Ana Isabel Rodriguez Eseudero ( is Professor in the Department of Economics and Business Administration, University of Valladolid, Avda. Valle Esgueva, 6, 47011 VALLADOLID (SPAIN).

                           PRICE DECISIONS

PRCi               Price of drug i relative   Calculated as:
(price relative    to identical competitors   "Price of drug i / PCI
to competition)                               "(average price for
                                              identical competitors)."
                                              Numerical variable.

COMPRES            Competitiveness of the     Calculated as:
(competitiveness   presentation form in the   PCI "average price for
of the presenta-   category                   identical competitors"/
tion form)                                    PCC "competitors'
                                              average price within a
                                              therapeutic category."
                                              Numerical variable.

                          PRODUCT DECISIONS

DEPTH              Number of strengths of     Represents the depth of
(depth of the      the brand Number of        a brand or the firm
brand)             presentation forms of      portfolio. Numerical
                   the brand                  variables.

SCOPE              The firm has more than     Categorical variable:
(scope of the      a brand for the same         0 -There are not other
firm portfolio)    molecule                     brands.
                                                1 -There are other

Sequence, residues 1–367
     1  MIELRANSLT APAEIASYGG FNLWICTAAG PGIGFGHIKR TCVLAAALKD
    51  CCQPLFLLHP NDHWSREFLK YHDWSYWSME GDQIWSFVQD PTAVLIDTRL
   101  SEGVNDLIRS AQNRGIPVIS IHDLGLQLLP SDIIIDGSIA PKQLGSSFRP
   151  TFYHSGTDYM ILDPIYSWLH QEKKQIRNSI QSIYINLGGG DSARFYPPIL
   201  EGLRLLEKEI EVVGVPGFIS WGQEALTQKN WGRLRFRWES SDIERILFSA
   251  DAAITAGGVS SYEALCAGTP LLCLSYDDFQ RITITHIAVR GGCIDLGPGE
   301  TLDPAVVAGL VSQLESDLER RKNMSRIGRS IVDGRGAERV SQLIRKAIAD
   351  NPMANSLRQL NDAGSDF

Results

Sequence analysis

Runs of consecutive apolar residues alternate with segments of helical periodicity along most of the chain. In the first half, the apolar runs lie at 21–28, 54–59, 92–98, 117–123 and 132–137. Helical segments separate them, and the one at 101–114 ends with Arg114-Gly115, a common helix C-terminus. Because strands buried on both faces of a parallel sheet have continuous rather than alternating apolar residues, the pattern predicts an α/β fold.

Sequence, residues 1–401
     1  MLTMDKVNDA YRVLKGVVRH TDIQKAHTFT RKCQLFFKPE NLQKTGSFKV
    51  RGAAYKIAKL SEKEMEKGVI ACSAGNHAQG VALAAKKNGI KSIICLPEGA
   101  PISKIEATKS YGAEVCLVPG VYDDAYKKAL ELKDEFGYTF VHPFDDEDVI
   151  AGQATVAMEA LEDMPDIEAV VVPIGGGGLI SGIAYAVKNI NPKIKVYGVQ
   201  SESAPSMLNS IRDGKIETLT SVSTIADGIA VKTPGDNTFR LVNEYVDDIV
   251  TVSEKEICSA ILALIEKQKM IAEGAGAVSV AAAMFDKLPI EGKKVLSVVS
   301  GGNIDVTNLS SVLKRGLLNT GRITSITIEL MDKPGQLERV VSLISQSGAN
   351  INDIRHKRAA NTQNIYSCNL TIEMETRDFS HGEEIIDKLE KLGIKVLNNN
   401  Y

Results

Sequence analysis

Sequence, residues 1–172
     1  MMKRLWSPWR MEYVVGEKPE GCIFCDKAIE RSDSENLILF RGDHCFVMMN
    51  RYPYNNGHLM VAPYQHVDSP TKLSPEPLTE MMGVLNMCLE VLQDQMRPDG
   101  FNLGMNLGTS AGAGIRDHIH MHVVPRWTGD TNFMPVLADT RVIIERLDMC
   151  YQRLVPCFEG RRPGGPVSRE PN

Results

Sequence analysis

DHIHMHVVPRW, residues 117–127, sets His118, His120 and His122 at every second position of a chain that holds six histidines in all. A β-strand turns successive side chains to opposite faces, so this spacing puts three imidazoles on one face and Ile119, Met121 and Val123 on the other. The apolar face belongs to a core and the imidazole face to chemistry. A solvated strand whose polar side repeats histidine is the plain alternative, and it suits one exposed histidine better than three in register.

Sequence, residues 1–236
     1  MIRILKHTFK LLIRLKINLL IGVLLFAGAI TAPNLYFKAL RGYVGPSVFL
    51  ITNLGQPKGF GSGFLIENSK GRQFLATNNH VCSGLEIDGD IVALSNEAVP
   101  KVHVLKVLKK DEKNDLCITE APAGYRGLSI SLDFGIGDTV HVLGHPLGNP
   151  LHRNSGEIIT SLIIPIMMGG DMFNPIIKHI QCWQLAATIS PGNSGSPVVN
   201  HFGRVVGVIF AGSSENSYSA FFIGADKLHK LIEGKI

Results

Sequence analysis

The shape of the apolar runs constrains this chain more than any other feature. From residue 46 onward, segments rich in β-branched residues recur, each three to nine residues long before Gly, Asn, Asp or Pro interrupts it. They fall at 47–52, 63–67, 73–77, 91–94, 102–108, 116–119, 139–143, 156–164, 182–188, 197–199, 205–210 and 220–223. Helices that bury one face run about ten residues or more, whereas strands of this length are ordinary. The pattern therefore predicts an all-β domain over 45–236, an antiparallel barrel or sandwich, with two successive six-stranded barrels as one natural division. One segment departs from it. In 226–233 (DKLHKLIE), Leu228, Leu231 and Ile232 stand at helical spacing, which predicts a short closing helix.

AGE                Calculated as the          Categorical variable:
(time a drug has   difference between 2000      1 -Between 0 and 10
been on the        and the year when the        years.
market)            drug was introduced on       2 -Between 11 and 20
                   the market (2000-year        years.
                   of drug introduction)        3 -More than 20 years.


PUBLIC             The drug belongs to one    Represents the
REGULATION         of the 4 types to the      prescription and funding
(prescription      right                      condition for a drug.
and funding                                   Categorical variable.
regulation)                                     1 -The drug is Rx.
                                                2 -The drug is Rx and
                                                not reimbursed.
                                                3 -The drug is Rx
                                                excluded from public
                                                4.-The drug is OTC.

Results of the analysis (1)

PRCi (Price relative to identical competitors)

     H1         Correlation --number of strengths-- 0,18 (0,07)
CORRELATION:    Correlation --number of presentation forms--
    DEPTH         0,05 (0,67)

     H2         0 (absence of other brands)    86    1,04
ANOVA: SCOPE    1 (presence of other brands)   13    1,09
                                       TOTAL   ...   1,04
                              F 1,36 (0,25)

     H3         1 (0-10 years)                 50    1,01
 ANOVA: AGE     2 (11-20 years)                32    1,06
                3 (more than 20 years)         14    1,11
                                       TOTAL   ...   1,04
                              F 3,25 (0,04)

COMPRES (present. form competitiveness)

     H1         Correlation --number of strengths-- -0,14 (0,06)
CORRELATION:    Correlation -number of presentation forms--
    DEPTH         -0,05 (0,57)

     H2         0 (absence of other brands)    85    0,992
ANOVA: SCOPE    1 (presence of other brands)   13    0,989
                                       TOTAL   ...   0,990
                             F 0,003 (0,95)

     H3         1 (0-10 years)                 49    1,00
 ANOVA: AGE     2 (11-20 years)                32    1,00
                3 (more than 20 years)         14    0,91
                                       TOTAL   ...   0,99
                              F 2,88 (0,06)

Results of the Analysis (II)


H4              1 (Rx)                 92    1,04
ANOVA: PUBLIC   2 (Rx no reimbursed)   1     1,44
                3 (Rx excluded)        3     0,94
                4 (OTC)                3     1,14
                               TOTAL   ...   1,05

                         F 3,79 (0,01)
Gale Copyright:
Copyright 2004 Gale, Cengage Learning. All rights reserved.